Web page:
Open Source Content Management Systems

I’ve built hundreds of content management systems (CMS) in my web career. Well, maybe not hundreds but it certainly feels that way. Early in my career I custom built everything.

That is, until I discovered the amount of free, open source CMS applications available out there. At which point it seemed like a no-brainer, why spend all my time building something when someone else has done the work — and is giving it away for free! Nowadays though I’ve realized it’s not such a clear-cut choice as one might think.

Be Efficient

It’s stupid to recreate the wheel on every project you have if there are suitable alternatives available to you. Open source applications are awesome. You can save a ton of time and headaches by using them. Always consider where you might be able to integrate or use one in your projects. That being said, don’t try to shoehorn something in that doesn’t really fit just because you can.

As far as open source content management systems are concerned, there are several great ones out there. Based on all sorts of languages: PHP, Python, ColdFusion, .Net, Java.

The ones I’ve used have been mainly PHP, Python and just one in ColdFusion. The one I have most experience with is a PHP based one named Joomla. Very powerful with a ton of great features and nice plugins. There’s also the Python based Plone which is pretty nice as well, though not as fully featured as Joomla. The problem with both of these you’ll find — speaking from the administrative point of view — is that they’re entirely too complicated for the average client that’s looking for a simple way to update content.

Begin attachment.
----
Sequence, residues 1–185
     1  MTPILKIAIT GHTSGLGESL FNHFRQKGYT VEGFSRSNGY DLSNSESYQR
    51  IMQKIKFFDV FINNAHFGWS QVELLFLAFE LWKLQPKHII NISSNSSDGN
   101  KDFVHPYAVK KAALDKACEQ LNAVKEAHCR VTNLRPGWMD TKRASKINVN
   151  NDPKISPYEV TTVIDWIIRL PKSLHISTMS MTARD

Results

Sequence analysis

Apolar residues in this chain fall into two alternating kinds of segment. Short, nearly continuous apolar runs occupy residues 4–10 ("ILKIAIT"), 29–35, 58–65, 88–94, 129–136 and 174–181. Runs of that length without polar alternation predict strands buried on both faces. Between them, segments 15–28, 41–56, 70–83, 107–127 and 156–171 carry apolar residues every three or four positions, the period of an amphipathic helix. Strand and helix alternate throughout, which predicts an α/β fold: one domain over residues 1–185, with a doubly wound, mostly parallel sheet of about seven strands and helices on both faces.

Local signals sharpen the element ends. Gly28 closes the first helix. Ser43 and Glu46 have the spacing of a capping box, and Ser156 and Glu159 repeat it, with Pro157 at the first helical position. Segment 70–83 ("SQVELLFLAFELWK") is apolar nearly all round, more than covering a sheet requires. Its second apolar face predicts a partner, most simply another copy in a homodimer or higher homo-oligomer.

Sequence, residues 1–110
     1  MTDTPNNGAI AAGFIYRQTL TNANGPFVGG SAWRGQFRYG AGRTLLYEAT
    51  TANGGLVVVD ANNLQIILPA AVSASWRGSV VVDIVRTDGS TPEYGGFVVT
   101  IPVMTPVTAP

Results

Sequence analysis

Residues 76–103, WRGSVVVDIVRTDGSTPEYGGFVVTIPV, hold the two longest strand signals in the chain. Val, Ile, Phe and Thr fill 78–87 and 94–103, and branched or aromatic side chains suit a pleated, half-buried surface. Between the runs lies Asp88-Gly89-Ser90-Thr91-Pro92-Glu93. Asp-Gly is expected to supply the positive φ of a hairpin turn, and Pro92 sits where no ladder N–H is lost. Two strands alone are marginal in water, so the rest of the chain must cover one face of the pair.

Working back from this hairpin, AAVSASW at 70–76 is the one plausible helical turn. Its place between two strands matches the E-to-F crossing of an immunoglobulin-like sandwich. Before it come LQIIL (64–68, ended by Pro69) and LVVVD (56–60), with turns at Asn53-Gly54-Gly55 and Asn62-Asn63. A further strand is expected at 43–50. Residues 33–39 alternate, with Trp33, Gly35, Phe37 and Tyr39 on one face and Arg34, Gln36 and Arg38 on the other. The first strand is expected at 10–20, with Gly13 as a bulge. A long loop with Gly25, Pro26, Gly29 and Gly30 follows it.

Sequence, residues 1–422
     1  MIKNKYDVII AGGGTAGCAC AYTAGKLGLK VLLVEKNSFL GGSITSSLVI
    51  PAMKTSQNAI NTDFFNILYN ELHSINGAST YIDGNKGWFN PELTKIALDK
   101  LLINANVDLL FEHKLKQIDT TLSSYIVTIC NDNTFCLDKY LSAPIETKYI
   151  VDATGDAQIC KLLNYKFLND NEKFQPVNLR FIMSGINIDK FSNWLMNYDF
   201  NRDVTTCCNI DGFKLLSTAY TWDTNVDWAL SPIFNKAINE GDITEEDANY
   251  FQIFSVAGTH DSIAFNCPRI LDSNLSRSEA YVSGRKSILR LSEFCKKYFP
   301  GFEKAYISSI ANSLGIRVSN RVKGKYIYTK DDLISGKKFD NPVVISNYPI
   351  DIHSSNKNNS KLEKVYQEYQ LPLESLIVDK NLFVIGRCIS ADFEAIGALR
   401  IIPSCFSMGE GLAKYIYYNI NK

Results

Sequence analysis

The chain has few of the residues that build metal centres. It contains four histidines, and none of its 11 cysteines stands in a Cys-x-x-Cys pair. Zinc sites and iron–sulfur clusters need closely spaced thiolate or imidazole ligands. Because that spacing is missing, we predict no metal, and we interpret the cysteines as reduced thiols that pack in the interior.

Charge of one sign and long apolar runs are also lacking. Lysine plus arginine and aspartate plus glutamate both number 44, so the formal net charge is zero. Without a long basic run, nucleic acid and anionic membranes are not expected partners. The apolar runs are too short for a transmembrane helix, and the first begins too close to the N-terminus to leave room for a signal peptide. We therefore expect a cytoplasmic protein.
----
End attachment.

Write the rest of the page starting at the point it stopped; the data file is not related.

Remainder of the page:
Listen to Users

Your users are the most important thing. Design with users in mind. Create content, navigation, graphics — everything, based on user needs first; everything else is secondary. With that in mind think about whether that open source content management system is a good fit. Is it too complicated? Is it too difficult to navigate? Will I have to train them on how to use it?

The last thing you want, is to end up taking support calls because something you delivered to your user is too difficult for them to use. Even if you charge for support calls, don’t do it. It’s bad business. They’ll leave you as soon as they find an easier way to do it or someone that can build something easier for them. Keep users happy, they’re why we get paid.

So when deciding on whether to use an open source CMS think to yourself — is this easy enough for the person who will be using it

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